Indeed, the more we see of the Lib Dems the more we realise they are not very liberal nor very democratic...
brisinger  Male  Lancashire 12-Nov-2019 09:35 Message #4762172
The problem with our current political system is that it is still essentially a two party government. A lot of people end up tactical voting and vote in such a way to keep the party they don't want out rather than the one they want in.
wonderoushen  Female  Gwynedd 12-Nov-2019 11:11 Message #4762177
It made me laugh watching Farrage on the telly last night thinking he will get enough MP's to hold Tory feet to the fire over brexit along with the DUP, havn't they been watching whats happened to the DUP over the last couple of months? The Tories will use them until it suits them not to and then they will be unceremoniously dumped.
Hierophant  Male  East Anglia 12-Nov-2019 11:28 Message #4762181
Farage is trying to save face, I said when he announced he wasn't standing for election something odd was going on.
He got a grilling on LBC last night and insisted candidates will not get their money back, I suspect things inside the Brexit party are not as stable as they would have us believe....
brisinger  Male  Lancashire 12-Nov-2019 14:07 Message #4762189
...and that's something else with our political system is that unless you represent the views of the major parties and your face fits, it is far too costly to stand for election...
Neros1954  Male  Devon 12-Nov-2019 20:41 Message #4762220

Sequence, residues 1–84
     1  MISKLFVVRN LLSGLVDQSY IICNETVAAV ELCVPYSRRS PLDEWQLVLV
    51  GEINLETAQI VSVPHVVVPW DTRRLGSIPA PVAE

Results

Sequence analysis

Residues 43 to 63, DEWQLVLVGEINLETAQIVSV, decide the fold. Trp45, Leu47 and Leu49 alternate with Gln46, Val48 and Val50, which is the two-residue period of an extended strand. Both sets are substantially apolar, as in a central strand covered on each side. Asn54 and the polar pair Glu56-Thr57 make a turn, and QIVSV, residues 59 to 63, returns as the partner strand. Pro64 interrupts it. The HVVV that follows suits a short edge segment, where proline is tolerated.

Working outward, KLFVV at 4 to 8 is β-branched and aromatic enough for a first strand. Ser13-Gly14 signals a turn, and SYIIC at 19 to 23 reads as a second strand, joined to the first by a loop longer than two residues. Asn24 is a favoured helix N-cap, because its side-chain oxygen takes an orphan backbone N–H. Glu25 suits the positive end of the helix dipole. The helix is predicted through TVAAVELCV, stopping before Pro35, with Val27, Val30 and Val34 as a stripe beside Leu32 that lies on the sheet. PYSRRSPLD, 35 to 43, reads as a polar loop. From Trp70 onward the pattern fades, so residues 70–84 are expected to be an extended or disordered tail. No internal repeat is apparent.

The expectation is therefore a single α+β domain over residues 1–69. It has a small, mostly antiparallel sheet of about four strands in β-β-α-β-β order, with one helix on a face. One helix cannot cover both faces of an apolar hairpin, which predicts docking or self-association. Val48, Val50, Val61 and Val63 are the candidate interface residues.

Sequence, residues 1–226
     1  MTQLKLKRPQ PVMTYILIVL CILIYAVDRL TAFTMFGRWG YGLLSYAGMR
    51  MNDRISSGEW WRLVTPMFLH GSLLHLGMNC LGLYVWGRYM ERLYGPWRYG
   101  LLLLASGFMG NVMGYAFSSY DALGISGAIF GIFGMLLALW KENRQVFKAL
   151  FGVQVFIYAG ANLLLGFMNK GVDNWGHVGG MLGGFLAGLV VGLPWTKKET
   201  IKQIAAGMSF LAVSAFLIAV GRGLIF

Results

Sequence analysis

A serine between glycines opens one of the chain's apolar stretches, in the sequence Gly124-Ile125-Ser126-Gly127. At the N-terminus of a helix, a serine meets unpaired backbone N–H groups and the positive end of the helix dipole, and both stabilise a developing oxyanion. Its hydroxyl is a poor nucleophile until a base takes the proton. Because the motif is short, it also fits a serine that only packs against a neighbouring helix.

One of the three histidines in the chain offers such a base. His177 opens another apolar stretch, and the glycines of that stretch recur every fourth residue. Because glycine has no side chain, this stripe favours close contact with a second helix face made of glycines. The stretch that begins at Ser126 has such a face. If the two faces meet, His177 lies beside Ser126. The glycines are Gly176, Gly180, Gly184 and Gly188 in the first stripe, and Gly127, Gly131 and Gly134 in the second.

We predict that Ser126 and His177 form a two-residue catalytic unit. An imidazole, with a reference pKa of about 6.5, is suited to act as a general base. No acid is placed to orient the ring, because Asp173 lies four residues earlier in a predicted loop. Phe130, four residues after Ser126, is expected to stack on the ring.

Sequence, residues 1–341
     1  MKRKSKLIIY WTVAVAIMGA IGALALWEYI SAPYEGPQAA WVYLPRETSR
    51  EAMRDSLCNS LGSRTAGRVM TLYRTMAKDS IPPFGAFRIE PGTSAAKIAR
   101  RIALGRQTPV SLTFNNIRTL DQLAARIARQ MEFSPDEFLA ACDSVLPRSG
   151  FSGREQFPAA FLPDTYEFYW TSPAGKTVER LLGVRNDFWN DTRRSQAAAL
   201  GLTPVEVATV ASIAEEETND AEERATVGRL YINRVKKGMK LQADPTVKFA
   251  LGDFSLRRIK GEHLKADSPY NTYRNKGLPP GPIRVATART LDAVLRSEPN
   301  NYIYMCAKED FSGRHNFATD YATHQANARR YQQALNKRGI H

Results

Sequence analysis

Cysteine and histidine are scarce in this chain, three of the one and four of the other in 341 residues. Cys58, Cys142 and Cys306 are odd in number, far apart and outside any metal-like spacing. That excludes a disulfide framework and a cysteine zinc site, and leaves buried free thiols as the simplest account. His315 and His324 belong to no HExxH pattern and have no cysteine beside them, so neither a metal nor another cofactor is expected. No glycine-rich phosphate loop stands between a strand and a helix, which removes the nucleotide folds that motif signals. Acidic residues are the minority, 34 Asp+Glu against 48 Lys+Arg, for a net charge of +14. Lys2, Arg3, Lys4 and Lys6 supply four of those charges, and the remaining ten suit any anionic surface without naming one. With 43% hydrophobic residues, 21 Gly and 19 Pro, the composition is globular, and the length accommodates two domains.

Almost every talk radio station is conducting interviews and phone-ins about the election and questioning if anyone is changing their vote from their usual voting pattern.
By far the biggest change is Labour voters refusing to vote for Labour because they fear Corbyn as a prime minister and they are turned off by the anti-Semitism in the party. These are people who want to vote Labour but can’t bring themselves to do so.
NotHermit  Male  Derbyshire 13-Nov-2019 23:07 Message #4762333
Today 13th November 2019 Boris Johnson went to Doncaster to help with the floods.
He had green wellies on, and looked just like someone that had never worked a day in his life.
You could tell he did not enjoy the situation, many people were hostile to him. He was very flustered in interviews too.

Praise to the army, straight to work, repairing flood defences.
Joe Swinson and Nigel Farage both went boxing, Farage even had special Brexit party gloves.

Still no sign of disgraced Conservative MP Jacob Rees Mogg.
Corbyn gave interviews today, but I missed them.
Hierophant  Male  East Anglia 14-Nov-2019 08:11 Message #4762337
It's never going to go well is it, a posh southern Tory PM going to a staunchly Labour supporting area to console Yorkshire people who have suffered the devastation of their homes being flooded? Still, if he wants to be PM that's all part of the job. At least he went.

Corbyn himself suffered the embarrassment of a heckler in Scotland, calling him out on his terrorism links - he really didn't know what to do, or where to look, he smiled weakly and turned away.
I do worry for Corbyn, surrounding yourself with adoring Labour activists whilst bemoaning the establishment is one thing, becoming PM, being the establishment and having to face people that really don't like you, is something else entirely.
He wore a tartan scarf because he was in Scotland - I sense a theme here, wear a green tie if you're talking about Grenfell, wear Tartan in Scotland...hmm it's all a bit amateurish and false isn't it? Does he think that's all it takes to win people over?
It will be a very steep learning curve if he does become PM...